Northwestern University and Evanston's Only Daily News Source Since 1881

The Daily Northwestern

Northwestern University and Evanston's Only Daily News Source Since 1881

The Daily Northwestern

Northwestern University and Evanston's Only Daily News Source Since 1881

The Daily Northwestern


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New curfew syncs with Chicago’s

Since May 15, Evanston teenagers have been required to be off the streets an hour earlier due to a curfew ordinance passed by the Evanston City Council in late April. Because of the new regulation, which Evanston police said they would start enforcing Thursday night, the EPD will have to increase the number of patrols and hire new officers.

Evanston’s youth curfew now matches Chicago’s: 10 p.m. Sundays through Thursdays and 11 p.m. on Fridays and Saturdays. Syncing up with Chicago was the main motivation for the change. The council hopes to deter Chicago minors from crossing Howard Street into Evanston at night to take advantage of the suburb’s later curfew.

“We need to parallel what Chicago is doing,” said Evanston Police Department Cmdr. James Pickett. “It only makes sense.”

A few hours before police started officially enforcing the curfew, Pickett said he did not anticipate anything out of the ordinary.

“It’s just like what we’re doing now, except an hour earlier,” he said Thursday afternoon. “I’m sure the midnight shift will be paying extra attention.”

Minors can be exempt from the curfew if they are in front of their homes, attending an official city-sponsored event, or accompanied by an adult 21 or older who has been approved by the minor’s parent or guardian.

Pickett said EPD patrols will be concentrating on downtown Evanston, especially Burger King, 1740 Orrington Ave., and Century Theatres, 1715 Maple Ave. He added that Memorial Day weekend and warmer temperatures might encourage curfew violations and would warrant close attention from police.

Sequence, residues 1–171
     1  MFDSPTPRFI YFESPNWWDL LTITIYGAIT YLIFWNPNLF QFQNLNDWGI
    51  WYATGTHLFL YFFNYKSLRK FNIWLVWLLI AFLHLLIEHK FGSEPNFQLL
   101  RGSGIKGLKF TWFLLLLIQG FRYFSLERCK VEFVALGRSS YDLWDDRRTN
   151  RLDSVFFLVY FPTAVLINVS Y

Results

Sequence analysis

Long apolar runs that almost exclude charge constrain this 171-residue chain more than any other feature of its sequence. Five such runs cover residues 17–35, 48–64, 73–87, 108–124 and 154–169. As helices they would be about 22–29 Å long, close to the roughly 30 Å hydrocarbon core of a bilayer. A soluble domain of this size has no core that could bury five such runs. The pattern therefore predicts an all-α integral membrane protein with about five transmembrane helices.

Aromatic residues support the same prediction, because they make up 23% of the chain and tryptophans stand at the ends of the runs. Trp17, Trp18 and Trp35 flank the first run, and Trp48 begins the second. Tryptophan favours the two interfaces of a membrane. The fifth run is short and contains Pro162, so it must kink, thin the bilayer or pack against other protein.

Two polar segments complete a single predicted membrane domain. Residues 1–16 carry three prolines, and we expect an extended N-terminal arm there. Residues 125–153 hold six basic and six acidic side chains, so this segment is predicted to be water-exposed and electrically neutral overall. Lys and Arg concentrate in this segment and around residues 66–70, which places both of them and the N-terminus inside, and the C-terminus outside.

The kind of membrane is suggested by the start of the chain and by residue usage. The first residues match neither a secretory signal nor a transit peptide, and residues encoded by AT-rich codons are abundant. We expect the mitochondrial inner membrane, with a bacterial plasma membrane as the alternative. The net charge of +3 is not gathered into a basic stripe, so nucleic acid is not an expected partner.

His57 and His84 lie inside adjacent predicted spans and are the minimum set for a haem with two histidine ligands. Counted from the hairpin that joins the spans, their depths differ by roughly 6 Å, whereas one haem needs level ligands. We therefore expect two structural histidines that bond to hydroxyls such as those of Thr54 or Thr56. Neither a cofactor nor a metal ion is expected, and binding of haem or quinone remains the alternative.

The new curfew could take a significant toll on Evanston’s resources, Chief of Police Richard Eddington wrote in a letter to city staff dated April 21. Since curfew is a status offense, teens taken into custody for violating curfew cannot be put in jail. Instead, they must remain under the watch of a police officer until a parent or guardian arrives. This could take “several hours,” according to Eddington, and paying officers to guard offenders and run extra patrols will cost the city money.

At the May 12 City Council meeting the EPD was granted an extra $53,000 to hire more officers to enforce the curfew.

Eddington’s letter also noted that the change might have a negative effect on relations between teens and police, especially considering it is not always easy to tell who is underage.

“It would be an oversight to fail to anticipate that a percentage of these interactions will not go well,” the letter states. “Individuals who are youthful in appearance may feel that they have been unfairly singled out for police attention.”

Evanston Township High School sophomore and Evanston Youth Council member Vidur Sood said student reaction has ranged from apathetic to negative.

“Kids don’t typically like something that has the word ‘curfew’ involved in it,” he said. “A lot of kids have been fake angry, like, ‘grr, curfew.'”

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New curfew syncs with Chicago’s